Travel & Culture

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Japanese culture and lifestyles through the eyes of NHK WORLD personalities

September 29, 2016

A Gentle Japanese Breeze: A Folding Fan

Michelle Yamamoto / Journalist, Reporter

Michelle Yamamoto often appears in English news broadcasts on NHK WORLD. She is a reporter for the Science View TV program and a contributor to the radio programs Easy Japanese and Friends Around the World.


There is one item that I cannot do without during the hot summer season in Japan: a "folding fan." It's light, compact, and you can control the amount of airflow with just the wave of your hands.

As the summer season ends, I usually clean and put away my collection of fans. This has long been my custom. I have always loved using a folding fan, but since I have learned its history I like it even more!

Let me share some of what I know.

From ancient times, people around the world have used hand fans. A fan that can be folded was said to have been first created in Japan during the Heian period (794-1185) and eventually taken to Europe by Portuguese merchants in the 16th Century. It is surely one of the first Japanese items that became popular in the world!

It is said that in the 17th century, more than 100 shops were selling folding fans in Paris. The fan had become a popular fashion item among upper-class European women.
It then evolved as a communication tool to express feelings of love, using what was called "fan language." Motions conveyed secret messages. For example, touching the tip of the fan with the finger would mean "I wish to speak to you." Covering the left ear with the open fan would mean, "Do not betray our secret."


Fans in Japan carried secret messages too. From the 8th century, male aristocrats would write poems or love letters on the fan and sent them to women. They would place flowers on an open fan for delivery to the object of their affections. A fan was a very romantic messaging tool!


Even in modern day Japan, folding fans are used in many different occasions. They are carried at weddings and funerals when wearing kimono. One is not considered fully dressed without a fan.

At a tea ceremony, a guest places a small folding fan between the tea master and oneself, indicating the "結界 kekkai" (boundary) to show respect and modesty.
Fans also play an essential role in traditional performing arts such as Japanese dance, Noh and Kyogen theaters, and Rakugo comedy. They have one thing in common: serving as a representation of something else. A fan can symbolize a sword, a boundary, a butterfly, a chopstick, and many other things.

photo photo

A folding fan is considered lucky because of its shape. The widening on one end when the fan is open signifies hopes for future prosperity and success. It also serves as a talisman to protect the owner from evil.

What more could be asked of a simple folding fan?

If you are visiting Japan, consider taking one home as a souvenir. It will fan lots of conversation!

Photographs by Michelle Yamamoto / Courtesy of IBASEN Co.,Ltd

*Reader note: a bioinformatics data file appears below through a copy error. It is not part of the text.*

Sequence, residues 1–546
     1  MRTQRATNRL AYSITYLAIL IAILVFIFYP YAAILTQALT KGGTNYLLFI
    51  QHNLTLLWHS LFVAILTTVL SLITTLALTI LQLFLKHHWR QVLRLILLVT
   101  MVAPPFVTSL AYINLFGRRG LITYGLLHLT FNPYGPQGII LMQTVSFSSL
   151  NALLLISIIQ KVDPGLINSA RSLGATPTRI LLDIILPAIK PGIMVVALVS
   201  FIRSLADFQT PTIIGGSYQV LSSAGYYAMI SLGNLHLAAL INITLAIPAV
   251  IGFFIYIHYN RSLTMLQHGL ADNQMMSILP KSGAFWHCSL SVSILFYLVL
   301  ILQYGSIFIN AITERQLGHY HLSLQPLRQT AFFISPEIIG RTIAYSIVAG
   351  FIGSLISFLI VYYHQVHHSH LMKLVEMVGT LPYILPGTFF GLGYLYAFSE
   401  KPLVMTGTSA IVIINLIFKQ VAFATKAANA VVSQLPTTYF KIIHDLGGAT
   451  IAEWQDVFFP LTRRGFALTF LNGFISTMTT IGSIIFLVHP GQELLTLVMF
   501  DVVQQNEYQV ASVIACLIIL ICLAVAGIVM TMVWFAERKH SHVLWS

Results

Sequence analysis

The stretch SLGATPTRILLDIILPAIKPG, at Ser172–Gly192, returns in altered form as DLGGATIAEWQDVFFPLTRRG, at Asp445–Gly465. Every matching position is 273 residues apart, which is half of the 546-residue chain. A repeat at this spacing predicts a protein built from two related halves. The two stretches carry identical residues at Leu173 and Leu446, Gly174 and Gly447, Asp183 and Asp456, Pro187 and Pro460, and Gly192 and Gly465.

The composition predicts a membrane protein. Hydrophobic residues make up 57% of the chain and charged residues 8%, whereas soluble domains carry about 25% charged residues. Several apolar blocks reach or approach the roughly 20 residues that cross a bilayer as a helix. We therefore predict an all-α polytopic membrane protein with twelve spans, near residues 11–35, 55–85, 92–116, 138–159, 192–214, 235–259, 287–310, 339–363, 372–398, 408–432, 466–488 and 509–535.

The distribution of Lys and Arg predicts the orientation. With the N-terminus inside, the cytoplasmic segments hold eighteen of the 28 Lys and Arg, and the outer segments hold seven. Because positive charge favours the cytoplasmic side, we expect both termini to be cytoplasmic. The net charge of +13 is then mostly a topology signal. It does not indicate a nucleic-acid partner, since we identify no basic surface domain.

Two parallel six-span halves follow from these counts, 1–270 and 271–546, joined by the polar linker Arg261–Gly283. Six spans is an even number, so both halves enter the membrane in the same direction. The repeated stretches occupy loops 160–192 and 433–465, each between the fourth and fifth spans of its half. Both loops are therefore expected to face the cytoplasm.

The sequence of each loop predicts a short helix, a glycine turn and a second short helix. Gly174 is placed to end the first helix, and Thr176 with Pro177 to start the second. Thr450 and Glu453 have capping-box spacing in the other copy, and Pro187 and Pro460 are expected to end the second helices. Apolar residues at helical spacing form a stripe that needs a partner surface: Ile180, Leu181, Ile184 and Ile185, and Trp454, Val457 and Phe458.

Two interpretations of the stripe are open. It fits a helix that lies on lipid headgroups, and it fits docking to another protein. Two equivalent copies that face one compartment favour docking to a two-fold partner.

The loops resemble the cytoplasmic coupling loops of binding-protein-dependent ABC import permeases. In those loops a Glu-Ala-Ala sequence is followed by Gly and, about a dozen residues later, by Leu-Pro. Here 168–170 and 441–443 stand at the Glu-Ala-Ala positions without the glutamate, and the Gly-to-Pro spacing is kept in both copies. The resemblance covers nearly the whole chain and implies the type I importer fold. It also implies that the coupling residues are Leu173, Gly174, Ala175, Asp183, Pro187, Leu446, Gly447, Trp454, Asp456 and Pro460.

Profile iconProfile

Michelle Yamamoto / Journalist, Anchor, Reporter, MC, Lecturer, Translator

Born in California, Michelle was raised in Scotland, Japan, France, Germany, and Hong Kong. She is fluent in French and German as well as English and Japanese. As former NHK Journalist, she has covered many world events, including international climate change conferences. Michelle often appears in English-language news broadcasts, cultural programs, and music shows on NHK WORLD TV, and on NHK WORLD Radio Japan programs such as Science View, English News, Easy Japanese, and Friends Around the World.
She is also a popular lecturer at universities on public speaking and global communications.
Michelle has a strong interest in traditional Japanese crafts and often interviews artisans for a column about nearly forgotten Japanese traditions.

Question How long have you been with NHK?
It's been more than 10 years now. After I graduated university, I joined NHK as a journalist covering news in Japanese. I then moved on with my career and turned into an English news anchor and reporter for NHK WORLD TV and NHK WORLD Radio Japan.
Question What was your original reason for coming to Japan?
I was meaning to study in Japan just for university to learn the Japanese culture so that I would have a better understanding of my heritage. I never imagined myself in being so enchanted by the country that I'd be living here as long as I am now.
Question What's your favorite scenic spot in Japan?
There are so many beautiful and scenic places around Japan that I could introduce, but my recent favorite a festival held in November in Taketa City in Oita Prefecture in the south of Japan. The Taketa Bamboo Lantern Festival, known as "Chikuraku" is a festival where 20,000 bamboo lanterns are lit and placed throughout the pathways and various shrines and temples for three nights. The sight is truly breathtaking.
Question What's the one thing that's essential to your life in Japan?
My ability of "getting lost in Japan". I get lost very often. But this ability had taken me to the most amazing places and had gotten me to meet the most amazing people in which I would later go and do interviews with.
Question What is your favorite Japanese word? Please briefly describe what it means in English.
「山笑う」 "Yama-warau" it literary means "mountain smiling (laughing)".
It is a word used in Japanese Haiku Poems to depict the arrival of spring. It illustrates how the trees begins to bud and bloom in the mountains in spring.



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